It is not often that I sermonise in my articles, and it has been a month since the OtherMalaysia.org research project was brought to a close. Yet despite everything, the tone and tenor of Malaysia’s convoluted politics and the country’s slide into decline forces us to take stock of how far Malaysia has, or hasn’t, travelled over the past 50 years of its independence.
With the feeble administration of Prime Minister Abdullah Ahmad Badawi teetering on the verge of implosion and collapse, Malaysians are preparing themselves for the worst to come. Since 2004, Malaysia has in fact been running on autopilot, a point made clear to me by a European diplomat who once asked me, “Is anyone running this country and does Badawi even know what is going on?”
Cocooned from the realities of a society that has experienced large-scale and even traumatic changes, the Badawi government proved itself to be totally dislocated and clueless over what was happening.
In time, historians like myself will have to take up our pens and write the political obituary of Prime Minister Badawi. The portrait will not be a pretty one: While this ‘man of the people’ was surrounded by a closed circle of relatives and family friends who were his confidants, Badawi seemed totally oblivious to the fate of millions of ordinary Malaysians who had to endure five years of his lacklustre non-leadership.
Badawi claimed to be the ‘Prime Minister of all Malaysians’, but showed scant concern for the plight of dozens of Hindu temples that were being demolished in the country. And when Malaysia’s Hindu community begged and pleaded for his intervention to save their cherished places of worship, this ‘leader of all Malaysians’ chose to look the other way and was cowed into submission by the more vocal, communitarian and sectarian bigots of his own right-wing ethno-nationalist party.
Time and again, Badawi could and should have done the right thing to control the extremists in the ranks of his own party. But he chose instead to let them play to the gallery to shore up his own flaccid personality and lagging popularity. On two occasions — at his UMNO party’s general assembly — the leader of the Youth Wing of UMNO brandished a weapon in public while professing that the Malays were the community that deserved a special position and privileges in Malaysia.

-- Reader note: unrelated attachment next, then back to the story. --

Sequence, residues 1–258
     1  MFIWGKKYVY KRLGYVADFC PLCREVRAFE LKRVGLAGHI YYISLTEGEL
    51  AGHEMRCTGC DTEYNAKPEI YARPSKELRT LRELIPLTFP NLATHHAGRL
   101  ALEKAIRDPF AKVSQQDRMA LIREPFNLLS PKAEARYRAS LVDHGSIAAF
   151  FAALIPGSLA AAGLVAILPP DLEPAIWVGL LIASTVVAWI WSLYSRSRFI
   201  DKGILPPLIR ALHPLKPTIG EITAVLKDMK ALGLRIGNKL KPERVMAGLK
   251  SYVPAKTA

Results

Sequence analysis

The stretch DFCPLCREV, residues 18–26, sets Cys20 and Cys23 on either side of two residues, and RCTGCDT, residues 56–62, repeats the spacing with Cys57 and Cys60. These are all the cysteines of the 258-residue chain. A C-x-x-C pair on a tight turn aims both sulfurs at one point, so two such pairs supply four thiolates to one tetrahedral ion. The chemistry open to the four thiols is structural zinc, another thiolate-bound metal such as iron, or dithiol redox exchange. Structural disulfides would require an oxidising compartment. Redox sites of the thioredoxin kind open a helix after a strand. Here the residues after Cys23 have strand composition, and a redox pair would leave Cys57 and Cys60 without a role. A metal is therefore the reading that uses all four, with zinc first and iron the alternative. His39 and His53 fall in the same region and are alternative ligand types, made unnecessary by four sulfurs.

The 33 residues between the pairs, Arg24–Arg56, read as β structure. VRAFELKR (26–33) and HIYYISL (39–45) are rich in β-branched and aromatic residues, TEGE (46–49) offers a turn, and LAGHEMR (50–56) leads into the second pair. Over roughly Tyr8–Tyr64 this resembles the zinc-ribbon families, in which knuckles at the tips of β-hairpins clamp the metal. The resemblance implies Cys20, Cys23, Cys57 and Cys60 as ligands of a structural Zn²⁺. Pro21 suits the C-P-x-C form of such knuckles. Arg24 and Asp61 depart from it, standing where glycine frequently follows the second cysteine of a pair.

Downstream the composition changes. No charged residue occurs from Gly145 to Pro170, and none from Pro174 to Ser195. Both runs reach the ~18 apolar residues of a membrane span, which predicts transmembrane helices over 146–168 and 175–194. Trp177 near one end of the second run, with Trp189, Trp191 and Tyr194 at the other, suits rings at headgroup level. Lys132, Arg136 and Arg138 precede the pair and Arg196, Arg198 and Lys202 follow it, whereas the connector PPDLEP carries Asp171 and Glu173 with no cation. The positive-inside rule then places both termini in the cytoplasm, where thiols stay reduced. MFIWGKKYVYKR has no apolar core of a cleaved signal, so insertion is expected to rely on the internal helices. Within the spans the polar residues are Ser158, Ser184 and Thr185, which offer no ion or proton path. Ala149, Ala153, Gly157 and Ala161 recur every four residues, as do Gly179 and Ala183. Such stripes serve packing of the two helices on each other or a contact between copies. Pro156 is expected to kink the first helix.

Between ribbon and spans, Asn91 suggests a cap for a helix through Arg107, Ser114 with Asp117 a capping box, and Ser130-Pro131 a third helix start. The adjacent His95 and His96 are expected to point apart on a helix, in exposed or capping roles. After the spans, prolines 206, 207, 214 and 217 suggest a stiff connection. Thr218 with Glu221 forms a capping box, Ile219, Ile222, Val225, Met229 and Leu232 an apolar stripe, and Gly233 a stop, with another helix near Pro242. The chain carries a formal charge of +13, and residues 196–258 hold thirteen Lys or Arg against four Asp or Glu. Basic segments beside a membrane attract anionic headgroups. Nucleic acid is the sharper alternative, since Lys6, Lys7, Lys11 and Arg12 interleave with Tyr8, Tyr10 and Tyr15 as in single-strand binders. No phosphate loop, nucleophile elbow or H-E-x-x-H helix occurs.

Such hotheaded right-wing rants are befit for a demagogue of a fascist party, but once again Badawi did nothing to curb the excesses of the extremists of his own party UMNO.
The most recent outrage came when yet another UMNO leader — Ahmad Ismail — caused a ruckus in the state of Penang when he and his followers openly threatened and insulted Malaysians of non-Malay origin at a press conference. In a statement calculated to inflame tempers, the UMNO members called on the Malays to unite and warned the Malaysian Chinese community not to behave like American Jews. A photo of a Malaysian Chinese politician was torn, and tempers flared as expected.
Again, the Malaysian public is asking: What is Badawi going to do?
For decades, Malaysians of all walks of life have had to live by the propaganda of the UMNO party and the coalition it has led. Malaysians have been warned about the dangers of communism, socialism, class-based workers and student movements; and even taught to fear a free and independent media. Yet the vile and poisonous racist outbursts that have emanated and echoed across the corridors of power in the country have by and large come from UMNO and its band of vociferous sabre-rattling leaders, whose only recourse to an intelligent argument has been vile racist remarks, sexist jokes and abuse.
How many times must Malaysians have to tolerate this party whose leaders and members remain the most brazen and vocally racist in the country? And how much longer do Malaysians have to wait before the present prime minister, whose impotence and inability to act and speak decisively has been one of the root causes of Malaysia’s social fragmentation?
It is doubly ironic that Ahmad Ismail’s racist remarks came just as the fasting month of Ramazan was beginning. This, being a holy month where patience and forbearance are lauded above all, made the timing of his press conference and abusive remarks all the more pointed and bitter.
At the rate things are going in Malaysia — Malaysia’s Central Bank has reported a capital flight of 1.1 Billion US dollars in August alone — the fall of Badawi and the UMNO-led government may come sooner than later. Historians will no doubt have ample time to write and ruminate about the manifold failings of Badawi, but his fall will serve as a benchmark in the country’s history as it signifies the moment when Malaysians have had enough of the most ineffective governance the country has had for five decades, and were willing to accept anything else instead, whatever the cost.
Dr Farish A Noor is Affiliated Professor at Universitas Muhamadiyah Surakarta, Indonesia
refer: Comment: Badawi’s fall —Farish A Noor